The Last Lecture
Randy Pausch, Jeffrey Zaslow
Format: PDF / Kindle (mobi) / ePub
A lot of professors give talks titled "The Last Lecture." Professors are asked to consider their demise and to ruminate on what matters most to them. And while they speak, audiences can't help but mull the same question: What wisdom would we impart to the world if we knew it was our last chance? If we had to vanish tomorrow, what would we want as our legacy?
When Randy Pausch, a computer science professor at Carnegie Mellon, was asked to give such a lecture, he didn't have to imagine it as his last, since he had recently been diagnosed with terminal cancer. But the lecture he gave--"Really Achieving Your Childhood Dreams"--wasn't about dying. It was about the importance of overcoming obstacles, of enabling the dreams of others, of seizing every moment (because "time is all you have...and you may find one day that you have less than you think"). It was a summation of everything Randy had come to believe. It was about living.
In this book, Randy Pausch has combined the humor, inspiration and intelligence that made his lecture such a phenomenon and given it an indelible form. It is a book that will be shared for generations to come.
"We cannot change the cards we are dealt, just how we play the hand." --Randy Pausch
happy in his own thoughts. Robbee found herself thinking: “Wow, this is the epitome of a person appreciating this day and this moment.” The convertible eventually turned the corner, and that’s The Man in the Convertible 6 5 when Robbee got a look at the man’s full face. “Oh my God,” she said to herself. “It’s Randy Pausch!” She was so struck by the sight of me. She knew that my cancer diagnosis was grim. And yet, as she wrote in her email, she was moved by how contented I seemed. In this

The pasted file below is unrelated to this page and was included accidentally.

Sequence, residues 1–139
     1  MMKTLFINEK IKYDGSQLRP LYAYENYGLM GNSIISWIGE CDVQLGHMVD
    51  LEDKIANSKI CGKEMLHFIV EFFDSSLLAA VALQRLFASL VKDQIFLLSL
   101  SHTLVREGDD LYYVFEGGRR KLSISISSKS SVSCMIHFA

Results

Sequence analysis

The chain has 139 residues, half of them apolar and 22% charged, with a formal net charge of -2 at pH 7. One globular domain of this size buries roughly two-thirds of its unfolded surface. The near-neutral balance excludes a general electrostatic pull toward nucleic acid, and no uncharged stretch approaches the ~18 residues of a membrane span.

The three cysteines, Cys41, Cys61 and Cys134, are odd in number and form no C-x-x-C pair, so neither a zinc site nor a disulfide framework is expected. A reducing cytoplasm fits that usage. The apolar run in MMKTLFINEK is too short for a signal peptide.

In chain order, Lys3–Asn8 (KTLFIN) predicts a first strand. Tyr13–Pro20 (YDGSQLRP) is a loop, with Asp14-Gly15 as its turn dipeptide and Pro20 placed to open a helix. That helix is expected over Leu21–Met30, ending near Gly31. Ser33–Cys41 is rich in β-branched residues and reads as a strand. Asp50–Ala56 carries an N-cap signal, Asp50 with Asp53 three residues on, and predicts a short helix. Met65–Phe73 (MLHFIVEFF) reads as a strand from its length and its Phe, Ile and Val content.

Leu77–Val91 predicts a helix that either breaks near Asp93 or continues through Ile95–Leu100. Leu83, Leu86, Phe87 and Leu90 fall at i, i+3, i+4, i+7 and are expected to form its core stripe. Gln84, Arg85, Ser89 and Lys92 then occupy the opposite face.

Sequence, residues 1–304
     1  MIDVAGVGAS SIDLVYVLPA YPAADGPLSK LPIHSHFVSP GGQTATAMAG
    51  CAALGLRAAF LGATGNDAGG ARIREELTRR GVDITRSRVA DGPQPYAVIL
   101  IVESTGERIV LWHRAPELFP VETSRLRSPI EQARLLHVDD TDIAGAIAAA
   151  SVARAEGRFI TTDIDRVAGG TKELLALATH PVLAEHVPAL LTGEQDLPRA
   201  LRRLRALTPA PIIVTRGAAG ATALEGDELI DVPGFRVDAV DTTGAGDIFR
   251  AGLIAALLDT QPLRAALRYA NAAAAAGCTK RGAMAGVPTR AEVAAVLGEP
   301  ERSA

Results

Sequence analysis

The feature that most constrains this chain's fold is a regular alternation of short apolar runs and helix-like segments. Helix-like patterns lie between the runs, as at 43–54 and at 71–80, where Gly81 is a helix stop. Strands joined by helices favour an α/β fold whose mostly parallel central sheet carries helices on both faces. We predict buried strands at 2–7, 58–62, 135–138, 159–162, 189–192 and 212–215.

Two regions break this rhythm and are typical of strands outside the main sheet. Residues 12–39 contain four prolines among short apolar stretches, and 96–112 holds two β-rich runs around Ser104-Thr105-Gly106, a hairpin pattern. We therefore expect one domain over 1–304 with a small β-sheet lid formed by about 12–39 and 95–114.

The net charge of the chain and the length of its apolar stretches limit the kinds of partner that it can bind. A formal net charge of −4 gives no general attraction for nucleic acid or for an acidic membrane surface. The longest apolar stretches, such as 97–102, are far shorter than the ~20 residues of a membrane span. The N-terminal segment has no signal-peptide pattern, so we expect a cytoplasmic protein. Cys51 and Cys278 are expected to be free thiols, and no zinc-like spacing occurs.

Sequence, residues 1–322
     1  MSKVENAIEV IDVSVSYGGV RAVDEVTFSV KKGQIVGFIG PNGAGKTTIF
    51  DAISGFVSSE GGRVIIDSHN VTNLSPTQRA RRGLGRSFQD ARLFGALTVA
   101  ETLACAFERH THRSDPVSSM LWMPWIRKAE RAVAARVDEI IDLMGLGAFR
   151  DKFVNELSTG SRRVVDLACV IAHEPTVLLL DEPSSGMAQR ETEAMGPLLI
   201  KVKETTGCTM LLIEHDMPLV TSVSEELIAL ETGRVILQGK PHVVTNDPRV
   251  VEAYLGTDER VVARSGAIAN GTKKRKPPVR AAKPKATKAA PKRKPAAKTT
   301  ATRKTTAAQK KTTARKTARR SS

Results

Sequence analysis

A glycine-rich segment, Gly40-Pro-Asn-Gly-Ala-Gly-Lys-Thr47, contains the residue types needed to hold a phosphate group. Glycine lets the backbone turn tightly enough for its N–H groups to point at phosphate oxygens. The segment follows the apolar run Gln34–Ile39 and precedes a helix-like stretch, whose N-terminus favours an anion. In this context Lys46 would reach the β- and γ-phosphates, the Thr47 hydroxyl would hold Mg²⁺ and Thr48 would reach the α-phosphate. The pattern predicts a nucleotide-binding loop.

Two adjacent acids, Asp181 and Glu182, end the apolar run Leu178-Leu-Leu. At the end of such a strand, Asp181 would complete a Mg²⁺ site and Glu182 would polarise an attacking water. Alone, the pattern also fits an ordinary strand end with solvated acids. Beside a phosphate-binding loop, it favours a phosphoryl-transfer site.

normal and our marriage has decades to go. We discuss, we get frustrated, we get mad, we make up. Jai says she’s still figuring out how to deal with me, but she’s making headway. “You’re always the scientist, Randy,” she says. “You want science? I’ll give you science.” She used to tell me she had “a gut feeling” about something. Now, instead, she brings me data. For instance, we were going to visit my side of the family over this past Christmas, but they all had the flu. Jai didn’t want to
sabbatical at Electronic Arts, the video-game maker where Steve is an executive. We’d become as close as brothers. Steve and I embraced, hired a rental car, and drove off together, trading gallows humor. Steve said he’d just been to the dentist, and I bragged that I didn’t need to go to the dentist anymore. We pulled into a local diner to eat, and I put my laptop on the table. I flashed quickly through my slides, now trimmed to 280. “It’s still way too long,” Steve told me. “Everyone will be
me more than anything else in her file,” I said to Don. I read through her materials again. I thought about her. Impressed by her note, I decided she was worth taking a chance on, and Don agreed. She came to the ETC, got her master’s degree, and is now a Disney Imagineer. I’ve told her this story, and now she tells it to others. Despite all that is now going on in my life and with my medical care, I still try to handwrite notes when it’s important to do so. It’s just the nice thing to do. And
his pre-school teachers raving about him, telling us: “When you’re with Dylan you find yourself thinking: I want to see what kind of adult this kid turns into.” Dylan is also the king of curiosity. Wherever he is, he’s looking somewhere else and thinking, “Hey, there’s something over there! Let’s go look at it or touch it or take it apart.” If there’s a white picket fence, some kids will take a stick to it and walk along listening to the “thwack, thwack, thwack!” Dylan would go one better. He’d